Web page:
Trading CDS I experienced something unexpected:

  • A half year ago I sold protection on a single name at a spread of 190bp
  • The coupon was 5% and the contract had a maturity of five years.
  • Using Bloombergs CDSW function I noticed that the SpreadDV01 was ~480€
  • I paid an upfront of ~141k (+ 4k accrueds)

A half year later:

  • the CDS was quoted with a spread of 160bp. I thought "Great! Thats a profit of 14k€ (=30bp*480€) addional to my received premiums of 25,000€ (5%*0,5*1MM). So a total PnL of +39k"
  • When I was validating the position I discovered that my position only gained ~2.6k on value (the upfront I would receive now is 143,6k) addtional to my collected premium of 25k

Besides how is this possible my questions are:

  1. why the SpreadDV01 failed to predict my return on this position?
  2. are other there tools used by practitioners to approximate the total PnL of a CDS position?

Thank you in advance for your answers.

  • $\begingroup$ Among other effects, a 1/2 year has passed between entering and exiting the position, so you can't use the initial SpreadDV01, which was computed for a 5 year remaining maturity. $\endgroup$ Jan 23, 2019 at 16:18

2 Answers 2


You would need to provide more details for an accurate PnL attribution. However, here are some additional points to consider that might help.

When you sold protection, you effectively became long the 5Yr synthetic debt of the reference entity at a credit spread of 190bps. I assume that the reference entity and the sovereign where the company is domiciled is European given that you are quoting the spread dv01 in Euro terms. Also, the sovereign is probably a dicier sovereign given the high risk free rate (Greece, Italy?)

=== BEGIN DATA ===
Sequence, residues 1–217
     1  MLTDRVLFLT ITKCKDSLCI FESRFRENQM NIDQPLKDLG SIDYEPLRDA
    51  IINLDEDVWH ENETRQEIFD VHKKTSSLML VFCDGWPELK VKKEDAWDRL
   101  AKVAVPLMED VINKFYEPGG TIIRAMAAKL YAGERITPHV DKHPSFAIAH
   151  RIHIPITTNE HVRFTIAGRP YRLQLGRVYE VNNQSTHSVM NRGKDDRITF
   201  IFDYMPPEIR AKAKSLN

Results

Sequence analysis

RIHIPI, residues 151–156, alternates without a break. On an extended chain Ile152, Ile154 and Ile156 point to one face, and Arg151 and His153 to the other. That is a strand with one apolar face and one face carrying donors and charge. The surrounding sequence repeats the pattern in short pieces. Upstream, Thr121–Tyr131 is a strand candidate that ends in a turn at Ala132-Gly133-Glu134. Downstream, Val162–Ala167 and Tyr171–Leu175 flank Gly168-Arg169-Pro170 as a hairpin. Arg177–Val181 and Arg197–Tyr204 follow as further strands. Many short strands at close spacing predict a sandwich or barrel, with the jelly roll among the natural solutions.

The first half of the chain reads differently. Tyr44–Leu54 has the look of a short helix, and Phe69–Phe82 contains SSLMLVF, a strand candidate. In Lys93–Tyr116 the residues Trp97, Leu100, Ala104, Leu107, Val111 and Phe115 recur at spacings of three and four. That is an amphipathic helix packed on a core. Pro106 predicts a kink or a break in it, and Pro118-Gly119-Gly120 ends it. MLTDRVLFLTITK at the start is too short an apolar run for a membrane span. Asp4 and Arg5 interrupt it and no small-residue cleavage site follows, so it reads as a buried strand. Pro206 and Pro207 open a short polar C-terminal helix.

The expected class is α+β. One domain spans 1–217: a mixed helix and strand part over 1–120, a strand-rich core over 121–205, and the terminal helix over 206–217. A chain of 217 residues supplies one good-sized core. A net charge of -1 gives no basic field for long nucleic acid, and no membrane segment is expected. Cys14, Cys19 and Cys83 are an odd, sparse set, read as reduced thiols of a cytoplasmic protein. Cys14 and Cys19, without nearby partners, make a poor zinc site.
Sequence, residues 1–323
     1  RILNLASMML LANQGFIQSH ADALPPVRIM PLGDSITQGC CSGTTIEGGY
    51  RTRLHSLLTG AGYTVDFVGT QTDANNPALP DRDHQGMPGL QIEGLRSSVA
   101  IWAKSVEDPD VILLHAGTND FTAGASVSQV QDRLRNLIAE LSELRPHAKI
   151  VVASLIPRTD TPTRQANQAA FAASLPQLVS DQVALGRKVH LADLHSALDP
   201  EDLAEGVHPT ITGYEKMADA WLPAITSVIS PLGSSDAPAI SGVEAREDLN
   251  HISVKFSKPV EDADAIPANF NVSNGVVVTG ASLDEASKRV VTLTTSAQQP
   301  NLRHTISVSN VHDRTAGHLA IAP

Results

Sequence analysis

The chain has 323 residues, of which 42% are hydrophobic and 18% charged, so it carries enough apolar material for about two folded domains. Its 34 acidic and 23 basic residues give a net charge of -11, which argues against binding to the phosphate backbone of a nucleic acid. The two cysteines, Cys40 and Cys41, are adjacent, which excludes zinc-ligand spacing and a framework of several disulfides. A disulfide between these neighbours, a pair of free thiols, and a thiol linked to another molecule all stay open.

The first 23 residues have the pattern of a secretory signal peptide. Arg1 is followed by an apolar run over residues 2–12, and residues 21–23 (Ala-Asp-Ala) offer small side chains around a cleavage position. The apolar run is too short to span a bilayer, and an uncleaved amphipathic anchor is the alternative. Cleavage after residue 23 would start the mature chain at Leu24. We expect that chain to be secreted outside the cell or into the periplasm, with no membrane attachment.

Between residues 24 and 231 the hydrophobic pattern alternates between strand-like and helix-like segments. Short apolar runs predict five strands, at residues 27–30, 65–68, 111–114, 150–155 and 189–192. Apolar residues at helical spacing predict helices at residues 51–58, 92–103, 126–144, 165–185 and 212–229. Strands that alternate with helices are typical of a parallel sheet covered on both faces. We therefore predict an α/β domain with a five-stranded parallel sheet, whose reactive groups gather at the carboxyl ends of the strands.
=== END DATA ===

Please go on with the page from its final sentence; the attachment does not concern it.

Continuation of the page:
So as being long the debt, you would be correct that you should have benefitted from a tightening of the credit spread. However, since you did not benefit as much as you thought, there must have been an increase in the risk free interest rate of the sovereignty that the company was domiciled.

Another factor that may have impacted your PnL is the shape of the yield curve could have changed. While most long debt positions benefit from the concept of roll down in that yield curves tend to be positively sloped, the sovereign curve where your company is domiciled may have inverted in 4.5-5Yr maturity range and therefore your position would have been hurt by the roll down effect. (In the US, the curve had inverted at the 5Yr point recently).

Since the last 6 months had a lot of volatility and hence created some consternation among market participants, the liquidity, and hence the bid-ask spread of the reference credit and the sovereign may have widened which could have hurt your position.

A point that should have helped you is the convexity. Since you are long the debt, a big move in rates would have some convexity that would have improved your position beyond what you would have expected from the DVO1 prediction.

  • $\begingroup$ Can you please explain who you deduce that "Since the coupon is 5%, this would imply a 5Yr (at the coupon frequency of the premium payments) risk free rate of 3.1%"? It seems to me that this calculation doesn't take into account the Upfront that the CDS buyer has received. $\endgroup$
    – Vasilis D
    Jan 22, 2020 at 9:12
  • 1
    $\begingroup$ @Vasilis D I am assuming the coupon is the total rate of the credit (Coupon = Risk free + Credit spd). You are correct that this may be presumptuous if the 5% coupon is just the coupon of the HY CDS as a result of the "big bang" and the upfront payment is used to equilibrate the credit to the coupon of 5%. I am an old school CDS trader when CDS "coupon" reflected the risk free + cds. I will edit my response to delete this assumption as it is not germane to the question anyway. Thanks for pointing this out. $\endgroup$
    – AlRacoon
    Jan 22, 2020 at 14:20
  • $\begingroup$ Thanks, it makes sense. $\endgroup$
    – Vasilis D
    Jan 22, 2020 at 15:06

@AlRacoon was completely right by suspecting convexity for this issue. The Chart below shows the impact of the convexity in this trade very well.

Upfront vs Spread


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